By Hadiyah Muhammad
At the start of my internship I worked with the Michigan Youth Violence Prevention Center (MI-YVPC) staff and community partners to organize the Safe & Healthy Futures Youth Festival, intended to raise community awareness about the 6 MI-YVPC programs available to youth and their families in Flint. The festival featured three incredible youth performance groups that showcased the amazing talent of youth in Flint. View photos from the day and watch a video highlighting the three performances in the MI-YVPC Media Gallery.
My community work continued with the MI-YVPC version of the Speak to Your Health! Community Survey. I accompanied a MI-YVPC surveyor to walk door to door to homes in Flint to administer the survey about community health and violence. While walking to a house we were stopped by a man locked out of his home. He asked us about our MI-YVPC logo t-shirts and clipboards and we explained our purpose in the neighborhood. He shared his appreciation of our violence prevention efforts and invited us to meet his dog to witness the reality of living on his street. Standing in his doorway, whimpering, was the saddest looking white pitbull I had ever seen. The dog had been shot through the right side of its neck, the scar tissue still very fresh. He explained that for no apparent reason the 13-15 year old kids living down the street shot his dog. He believed that getting the police involved would only incite more violence and shootings. My colleague and I spoke to him for a while and he talked about the hopelessness of the youth in his neighborhood. He explained how youth under the age of 21 seem to be killing each other and that somehow if they reach past that age, they’ll be ok.
I was affected by that man’s experience and the sad, mournful face of his dog for a week. Having been introduced to Flint via the Safe & Healthy Futures Youth Festival, it was hard for me to believe the other truth about Flint being one of the most dangerous cities in America. This man invited me to witness the stark reality of living on his street, which made me feel sad, angry, frustrated, and very shocked. After 30 minutes of absorbing his story, I walked away to knock on the door of another home.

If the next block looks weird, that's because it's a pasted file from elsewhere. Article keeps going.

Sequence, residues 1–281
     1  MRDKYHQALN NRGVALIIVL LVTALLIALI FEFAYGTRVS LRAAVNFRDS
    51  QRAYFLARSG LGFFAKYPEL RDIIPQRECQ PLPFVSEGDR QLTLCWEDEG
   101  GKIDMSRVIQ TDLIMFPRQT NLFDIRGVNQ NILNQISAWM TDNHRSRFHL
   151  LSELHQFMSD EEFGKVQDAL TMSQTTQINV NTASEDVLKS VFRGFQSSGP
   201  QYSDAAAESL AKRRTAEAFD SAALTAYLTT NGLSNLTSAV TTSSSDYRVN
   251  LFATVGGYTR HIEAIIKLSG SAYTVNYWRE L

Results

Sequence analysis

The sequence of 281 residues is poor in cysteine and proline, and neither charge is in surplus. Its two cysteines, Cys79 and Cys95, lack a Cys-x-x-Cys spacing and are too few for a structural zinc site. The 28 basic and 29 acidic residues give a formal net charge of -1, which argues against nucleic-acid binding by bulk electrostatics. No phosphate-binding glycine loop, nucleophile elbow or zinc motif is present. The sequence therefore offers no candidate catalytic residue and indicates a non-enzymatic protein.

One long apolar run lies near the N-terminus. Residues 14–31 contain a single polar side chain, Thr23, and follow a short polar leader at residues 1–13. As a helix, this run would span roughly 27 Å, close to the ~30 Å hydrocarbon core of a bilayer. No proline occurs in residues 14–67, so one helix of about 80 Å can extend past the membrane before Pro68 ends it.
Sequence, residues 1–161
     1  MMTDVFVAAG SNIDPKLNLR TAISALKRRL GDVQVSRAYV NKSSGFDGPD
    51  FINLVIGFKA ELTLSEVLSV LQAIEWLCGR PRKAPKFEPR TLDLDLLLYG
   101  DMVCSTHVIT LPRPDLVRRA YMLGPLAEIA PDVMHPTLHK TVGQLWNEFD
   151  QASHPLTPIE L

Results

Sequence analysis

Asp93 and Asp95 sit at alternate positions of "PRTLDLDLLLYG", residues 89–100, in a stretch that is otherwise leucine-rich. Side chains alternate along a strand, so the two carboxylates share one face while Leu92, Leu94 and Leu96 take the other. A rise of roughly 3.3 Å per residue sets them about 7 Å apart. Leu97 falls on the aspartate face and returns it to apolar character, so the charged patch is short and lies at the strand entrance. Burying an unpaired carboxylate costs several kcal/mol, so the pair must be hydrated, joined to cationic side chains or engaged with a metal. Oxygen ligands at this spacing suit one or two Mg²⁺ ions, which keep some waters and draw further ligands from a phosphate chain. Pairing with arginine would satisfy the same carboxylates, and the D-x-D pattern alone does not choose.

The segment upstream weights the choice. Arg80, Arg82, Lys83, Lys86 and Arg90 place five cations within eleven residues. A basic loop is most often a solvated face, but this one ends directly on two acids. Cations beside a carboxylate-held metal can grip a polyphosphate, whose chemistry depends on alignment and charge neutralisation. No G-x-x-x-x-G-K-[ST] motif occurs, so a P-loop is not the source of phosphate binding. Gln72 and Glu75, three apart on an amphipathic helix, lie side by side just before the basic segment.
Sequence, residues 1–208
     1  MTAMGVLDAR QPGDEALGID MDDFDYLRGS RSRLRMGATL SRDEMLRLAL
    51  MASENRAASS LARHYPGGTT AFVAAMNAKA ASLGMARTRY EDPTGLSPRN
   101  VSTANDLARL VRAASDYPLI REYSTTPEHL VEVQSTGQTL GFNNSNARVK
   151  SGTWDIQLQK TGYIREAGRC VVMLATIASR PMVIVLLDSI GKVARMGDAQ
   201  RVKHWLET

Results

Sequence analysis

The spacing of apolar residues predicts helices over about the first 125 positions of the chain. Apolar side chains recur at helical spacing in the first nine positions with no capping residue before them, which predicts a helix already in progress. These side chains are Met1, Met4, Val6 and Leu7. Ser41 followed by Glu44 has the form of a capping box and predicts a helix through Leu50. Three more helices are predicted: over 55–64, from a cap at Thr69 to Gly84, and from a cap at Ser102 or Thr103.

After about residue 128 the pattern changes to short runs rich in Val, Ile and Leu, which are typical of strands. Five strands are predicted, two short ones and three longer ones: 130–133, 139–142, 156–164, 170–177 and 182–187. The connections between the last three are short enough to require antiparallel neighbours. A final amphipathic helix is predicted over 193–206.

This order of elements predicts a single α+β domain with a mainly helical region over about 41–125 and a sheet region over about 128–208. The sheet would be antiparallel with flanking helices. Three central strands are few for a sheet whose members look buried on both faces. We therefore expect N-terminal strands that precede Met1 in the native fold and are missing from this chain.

At the end of the day, I traveled back to my comfortable and safe apartment in Ann Arbor. I reflected on the sacrifices my parents and grandparents continue to make in their lives so that I can live in a neighborhood where my pet’s safety is not at risk and where I could call out for help and expect “justice to be served.” I very rarely interact with people who have, and are willing to share, life experiences that are vastly different from my own. The problem with living in a bubble is that you start to think everyone or most everyone lives and thinks like you. As a future public health professional who desires to work in communities that may be very different from my own, it is critical for my personal and professional success to expand my “world” to learn about the reality of others and how our lives intersect and impact one another. I can still see the dog standing in the doorway and the anguish on the man’s face as he recounted his story. And, with that memory, I am reminded that I, too, am not “safe” until he is. The following quote sums up my sentiments about this experience:
“If you come here to help me, you’re wasting your time. If you come because your liberation is bound up with mine, then let us work together.”
-Lilla Watson, Australian Aborigine
Hadiyah Muhammad is a second year Health Behavior Health Education student at the University of Michigan. Her research interests focus on mental health issues in U.S. Muslim communities and identifying the intervention efforts and instructional programs best suited for mosques and Islamic centers of learning.